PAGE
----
Although I still have no idea what any of the words meant in The Glue’s first song, “Sandburgenbauen,” I clearly enjoyed it so much that I googled my way into discovering what the song was so that I could listen again and again. From the one-note bass line to the hauntingly perfect lock on the chords, I was hooked. When the Swiss rapping started, I was Glued… see what I did there? They kept time and pitch extremely well, assisted by their simple group movement and effective blocking. I had no idea what they could possibly do to top their opener, but then they managed to make the switch over to Johnny Cash’s “Ring of Fire” effortlessly. The Glue took on the classic with lots of energy and an engaging soloist, complete with hoedown dancing and a mariachi feel. The closer had the audience on their feet dancing along and you could just feel the audience’s captivity. Although the song had a slower feel, the background kept it moving and interesting. I was especially impressed with the perfect placement of their vowels and the percussion that perfectly mimicked a steel drum. Again, I had no idea what was being said, but it was easy to “feel” the meaning through the performance. As The Glue left the stage, I knew it meant Afro Blue was coming soon, but I was still sad to see them (donning matching navy blue outfits, high socks, and 2 liter bottles suspended on their backs) go.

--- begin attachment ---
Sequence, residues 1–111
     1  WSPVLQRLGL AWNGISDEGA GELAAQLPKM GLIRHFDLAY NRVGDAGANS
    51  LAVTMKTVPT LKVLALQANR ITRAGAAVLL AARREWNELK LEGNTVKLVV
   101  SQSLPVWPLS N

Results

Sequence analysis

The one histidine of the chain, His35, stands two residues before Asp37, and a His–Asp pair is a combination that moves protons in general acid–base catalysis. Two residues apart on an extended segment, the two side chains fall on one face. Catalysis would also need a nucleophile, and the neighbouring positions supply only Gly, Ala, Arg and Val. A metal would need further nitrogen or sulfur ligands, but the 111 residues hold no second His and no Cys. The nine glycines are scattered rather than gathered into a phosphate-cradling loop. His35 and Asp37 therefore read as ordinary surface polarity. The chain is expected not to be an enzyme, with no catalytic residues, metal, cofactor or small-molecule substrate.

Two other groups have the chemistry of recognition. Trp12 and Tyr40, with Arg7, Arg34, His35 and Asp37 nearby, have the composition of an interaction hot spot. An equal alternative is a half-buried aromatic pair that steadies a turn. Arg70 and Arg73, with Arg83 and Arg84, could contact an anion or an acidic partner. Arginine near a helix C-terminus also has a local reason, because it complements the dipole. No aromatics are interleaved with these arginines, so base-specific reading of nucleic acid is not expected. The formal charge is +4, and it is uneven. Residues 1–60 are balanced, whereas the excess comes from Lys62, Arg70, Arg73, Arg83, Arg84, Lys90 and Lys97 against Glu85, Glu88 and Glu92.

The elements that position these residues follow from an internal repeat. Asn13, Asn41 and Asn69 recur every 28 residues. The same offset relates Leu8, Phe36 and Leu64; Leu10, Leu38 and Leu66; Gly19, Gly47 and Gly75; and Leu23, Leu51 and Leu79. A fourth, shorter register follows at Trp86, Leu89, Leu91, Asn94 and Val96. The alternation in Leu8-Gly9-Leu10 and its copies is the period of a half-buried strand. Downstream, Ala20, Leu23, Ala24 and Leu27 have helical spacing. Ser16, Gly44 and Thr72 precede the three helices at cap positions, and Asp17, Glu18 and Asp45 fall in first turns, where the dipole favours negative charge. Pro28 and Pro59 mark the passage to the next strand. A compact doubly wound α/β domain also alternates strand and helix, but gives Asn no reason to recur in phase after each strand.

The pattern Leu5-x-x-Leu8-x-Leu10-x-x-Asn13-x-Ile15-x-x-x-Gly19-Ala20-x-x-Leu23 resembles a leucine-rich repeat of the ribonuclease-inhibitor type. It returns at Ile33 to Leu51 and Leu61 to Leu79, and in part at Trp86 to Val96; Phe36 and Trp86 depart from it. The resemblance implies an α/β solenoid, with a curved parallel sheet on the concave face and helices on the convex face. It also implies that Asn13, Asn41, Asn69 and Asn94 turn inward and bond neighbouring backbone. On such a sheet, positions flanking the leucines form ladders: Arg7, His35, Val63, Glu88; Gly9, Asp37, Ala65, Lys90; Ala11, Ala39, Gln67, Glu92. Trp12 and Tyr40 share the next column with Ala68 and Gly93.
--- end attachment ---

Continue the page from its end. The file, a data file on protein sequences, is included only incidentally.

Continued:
I was beyond excited to hear Afro Blue after following their journey on “The Sing-Off,” and they were everything I hoped they would be and so much more. Between songs they took time to relate to the audience which made the show that much more enjoyable. They were endearing, humble, and so effortlessly classy, which was also represented in their wardrobe choices. They took the stage confidently with a relaxed yet energetic take on “American Boy” that showcased their phenomenal blend as well as their individual voices. Their simple and effective choreography kept the energy up and the tight harmonies locked with ease. When the boys stepped up to the front of the stage, they didn’t disappoint as they improved upon the original song. They took on everything from Corinne Bailey Rae’s “Put Your Records On” to Mariah Carey’s “We Belong Together” and Whitney Houston’s “I Wanna Dance With Somebody” with ease and always managed to find a way to enhance the original.